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The Changing Political Complexion of France

In the spring of 2012, France will elect a new president. The incumbent, Nicolas Sarkozy, is currently at a low ebb in the polls, with an approval rating hovering around 25 percent. Until Saturday, May 14, it therefore seemed likely that the next president of France would come from the principal opposition party, the Socialists (PS). But with the news that the leading PS candidate, Dominique Strauss-Kahn, was arrested in New York that night on sexual assault charges, the political landscape changed literally overnight. It was an “earthquake,” one newspaper wrote.

Any number of Socialists now find themselves in a position to make a credible bid for the party’s nomination, which is to be decided in an October primary. The best-placed in early polling is former party leader François Hollande, but he will likely be challenged by the present leader, Martine Aubry; the candidate who lost to Sarkozy in 2007, Ségolène Royal; and several others.

The French political landscape had already been transformed, however, even before the bombshell from New York. Sarkozy’s precipitous decline in popularity is one visible manifestation of a more ominous phenomenon: the rise of populist parties of the extreme right and left. The xenophobic, anti-immigrant National Front has scored as high as 32 percent in some recent polls, while the Left Front polls around 7 or 8 percent. At a minimum, in other words, some 40 percent of the French electorate is rejecting the mainstream parties of the right, left, and center. That is cause for alarm.

In 2007, Sarkozy took a tough line on law and order and immigration control and managed to win back some voters who had deserted the center-right for the Front National in 2002. In that year, Jean-Marie Le Pen shocked France by obtaining 16.86 percent of the first-round presidential vote against only 16.16 percent for Socialist Lionel Jospin. Since only the top two finishers in the first round go on to the second, Jospin was eliminated. Sarkozy wagered that his hard line on “security” issues would win back ethnically French working-class voters who had gone over to the Front, and in 2007 he reduced Le Pen’s vote to just over 10 percent. The Front National was thought to be finished.

When the economic crisis hit in 2008, however, many who had deserted the Front National in the election decided they had had enough of Sarkozy’s mildly neoliberal economic reforms. The president’s staunch support for the European Union, whose rules and regulations impose tight constraints on the ability of member states to respond to high unemployment, played into the hands of the Front’s new leader, Marine Le Pen, the daughter of Jean-Marie. She has softened the party’s image by recasting her father’s overtly xenophobic rhetoric as a defense of the French republican tradition of strict secularism in the public sphere, a tradition that she claims is threatened by France’s growing Muslim minority. Meanwhile, Jean-Luc Mélenchon, has enjoyed surprising success since leaving the Socialist Party, to whose left wing he belonged for years, and organizing a new Left Party, which has now joined with the rump of the Communist Party to form the Left Front.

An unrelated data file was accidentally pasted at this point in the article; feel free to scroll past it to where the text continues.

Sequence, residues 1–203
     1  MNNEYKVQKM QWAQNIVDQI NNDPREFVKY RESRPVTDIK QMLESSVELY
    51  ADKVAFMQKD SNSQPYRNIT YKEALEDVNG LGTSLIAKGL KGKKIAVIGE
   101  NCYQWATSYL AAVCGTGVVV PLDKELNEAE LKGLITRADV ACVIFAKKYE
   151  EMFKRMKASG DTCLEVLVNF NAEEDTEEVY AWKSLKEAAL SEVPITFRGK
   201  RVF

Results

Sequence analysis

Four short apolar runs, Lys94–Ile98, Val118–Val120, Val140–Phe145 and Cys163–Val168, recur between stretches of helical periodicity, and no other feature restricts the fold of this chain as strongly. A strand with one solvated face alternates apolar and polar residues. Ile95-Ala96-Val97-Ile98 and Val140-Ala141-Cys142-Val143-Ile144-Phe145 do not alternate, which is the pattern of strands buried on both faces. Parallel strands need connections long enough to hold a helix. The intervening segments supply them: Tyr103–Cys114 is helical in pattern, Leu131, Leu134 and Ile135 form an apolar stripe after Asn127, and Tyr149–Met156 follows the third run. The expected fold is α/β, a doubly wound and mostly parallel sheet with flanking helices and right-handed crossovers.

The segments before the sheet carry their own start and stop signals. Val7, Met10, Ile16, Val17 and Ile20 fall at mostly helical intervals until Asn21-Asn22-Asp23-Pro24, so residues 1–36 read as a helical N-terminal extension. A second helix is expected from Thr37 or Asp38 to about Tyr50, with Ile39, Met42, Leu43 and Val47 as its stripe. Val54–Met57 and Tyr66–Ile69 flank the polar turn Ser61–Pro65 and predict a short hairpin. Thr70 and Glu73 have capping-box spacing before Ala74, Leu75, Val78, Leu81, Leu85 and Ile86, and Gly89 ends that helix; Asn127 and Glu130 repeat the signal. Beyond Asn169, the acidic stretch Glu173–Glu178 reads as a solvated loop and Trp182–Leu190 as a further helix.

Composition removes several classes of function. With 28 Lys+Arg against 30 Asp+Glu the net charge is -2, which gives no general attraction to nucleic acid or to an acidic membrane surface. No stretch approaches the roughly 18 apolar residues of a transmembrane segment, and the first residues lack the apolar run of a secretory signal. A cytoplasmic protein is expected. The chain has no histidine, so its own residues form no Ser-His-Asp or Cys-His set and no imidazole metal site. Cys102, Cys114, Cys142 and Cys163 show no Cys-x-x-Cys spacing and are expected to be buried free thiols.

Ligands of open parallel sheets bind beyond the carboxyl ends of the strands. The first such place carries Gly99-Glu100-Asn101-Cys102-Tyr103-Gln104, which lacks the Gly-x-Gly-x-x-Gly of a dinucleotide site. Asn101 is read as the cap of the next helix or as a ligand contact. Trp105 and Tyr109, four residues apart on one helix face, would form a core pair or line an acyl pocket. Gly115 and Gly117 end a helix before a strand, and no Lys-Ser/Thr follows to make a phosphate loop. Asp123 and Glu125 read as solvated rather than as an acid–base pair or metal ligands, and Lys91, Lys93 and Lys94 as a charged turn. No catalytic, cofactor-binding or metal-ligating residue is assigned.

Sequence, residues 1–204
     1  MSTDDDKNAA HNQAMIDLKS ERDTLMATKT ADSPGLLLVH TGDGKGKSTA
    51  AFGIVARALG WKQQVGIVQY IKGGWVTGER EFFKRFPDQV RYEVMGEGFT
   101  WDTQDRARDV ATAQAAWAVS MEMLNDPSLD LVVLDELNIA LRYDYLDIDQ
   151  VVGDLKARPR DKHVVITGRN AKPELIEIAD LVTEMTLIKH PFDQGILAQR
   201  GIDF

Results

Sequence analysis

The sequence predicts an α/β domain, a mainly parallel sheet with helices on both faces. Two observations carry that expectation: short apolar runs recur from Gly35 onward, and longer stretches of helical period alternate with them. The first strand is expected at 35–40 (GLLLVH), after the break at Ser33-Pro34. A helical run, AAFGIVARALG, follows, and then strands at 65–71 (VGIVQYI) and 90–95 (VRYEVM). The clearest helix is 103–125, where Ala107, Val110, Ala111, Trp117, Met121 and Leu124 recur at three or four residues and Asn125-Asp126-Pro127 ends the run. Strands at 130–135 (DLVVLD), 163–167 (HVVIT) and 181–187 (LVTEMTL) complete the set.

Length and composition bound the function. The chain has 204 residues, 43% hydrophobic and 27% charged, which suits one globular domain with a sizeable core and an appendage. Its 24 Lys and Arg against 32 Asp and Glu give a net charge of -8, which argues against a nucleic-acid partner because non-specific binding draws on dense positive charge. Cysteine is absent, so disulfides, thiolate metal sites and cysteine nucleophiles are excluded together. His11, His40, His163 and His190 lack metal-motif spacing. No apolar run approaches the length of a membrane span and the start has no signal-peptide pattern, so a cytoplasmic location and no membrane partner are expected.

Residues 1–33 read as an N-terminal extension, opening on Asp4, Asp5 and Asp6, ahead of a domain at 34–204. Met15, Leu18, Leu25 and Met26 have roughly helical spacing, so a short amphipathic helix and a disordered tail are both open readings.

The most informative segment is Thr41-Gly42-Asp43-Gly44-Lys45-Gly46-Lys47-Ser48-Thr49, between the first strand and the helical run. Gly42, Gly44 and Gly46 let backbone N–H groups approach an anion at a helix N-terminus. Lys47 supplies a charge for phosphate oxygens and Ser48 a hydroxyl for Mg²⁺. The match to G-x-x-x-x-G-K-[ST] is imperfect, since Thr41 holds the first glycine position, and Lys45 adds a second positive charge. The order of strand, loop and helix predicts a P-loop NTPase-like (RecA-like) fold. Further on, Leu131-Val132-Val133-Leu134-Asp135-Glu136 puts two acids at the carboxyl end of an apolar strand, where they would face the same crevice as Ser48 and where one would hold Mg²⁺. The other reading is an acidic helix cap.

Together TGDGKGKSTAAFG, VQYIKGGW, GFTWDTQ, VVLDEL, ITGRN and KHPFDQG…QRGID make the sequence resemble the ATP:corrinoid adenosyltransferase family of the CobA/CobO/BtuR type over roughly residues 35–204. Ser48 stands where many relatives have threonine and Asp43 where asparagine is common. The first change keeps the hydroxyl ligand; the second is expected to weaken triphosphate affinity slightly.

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This large populist vote should send a powerful message to what the French like to call “the political class,” meaning the politicians, journalists, pundits, experts, civil servants, and intellectuals who monopolize public debate and make policy. To be sure, France is not exceptional in this respect. Large contingents of voters in many countries have registered acute disappointment with the leadership of their elites. But in France this disappointment has been a persistent feature of the political culture for nearly two decades.

Interestingly, the International Monetary Fund loomed large in the rhetoric of both the National Front and the Left Front, perhaps because Strauss-Kahn until his arrest both headed that organization and seemed likely to be the Socialist candidate. Le Pen denounced what she called the IMF’s “deadly dogmas,” while Mélenchon referred to Strauss-Kahn as “a starver of nations.” Of course it was convenient to use the IMF as a symbol, because it was headed by a man who was expected to be the Socialists’ strongest candidate. The ultimate targets are globalization and the European Union, to which there is substantial opposition in France, as the “no” vote on the 2005 constitutional treaty demonstrated.

President Sarkozy reportedly told a private meeting of leading members of his party that the Socialists had lost “the morality battle” because of Strauss-Kahn’s behavior. But he forgets that he was the one who recommended Strauss-Kahn to the IMF in the first place. The voters already disaffected from the “political class” because they believe that it is arrogant, distant, and insensitive to their problems will only take the events in New York as evidence that the powerful believe they can get away with anything. Since more than two of every five French citizens now reject the establishment parties, a full-blown “crisis of legitimation” is at hand. That is a dangerous moment for any country. It wouldn’t take much—a debt default in Europe’s periphery, say, triggering bank failures in France and Germany—to bring the whole system to a halt and open the door to the worst political dangers. We live in interesting times.

Arthur Goldhammer is a fellow at the Center for European Studies. He has translated many works of French scholarship into English. His blog, “French Politics,” chronicles the French political scene on a daily basis.

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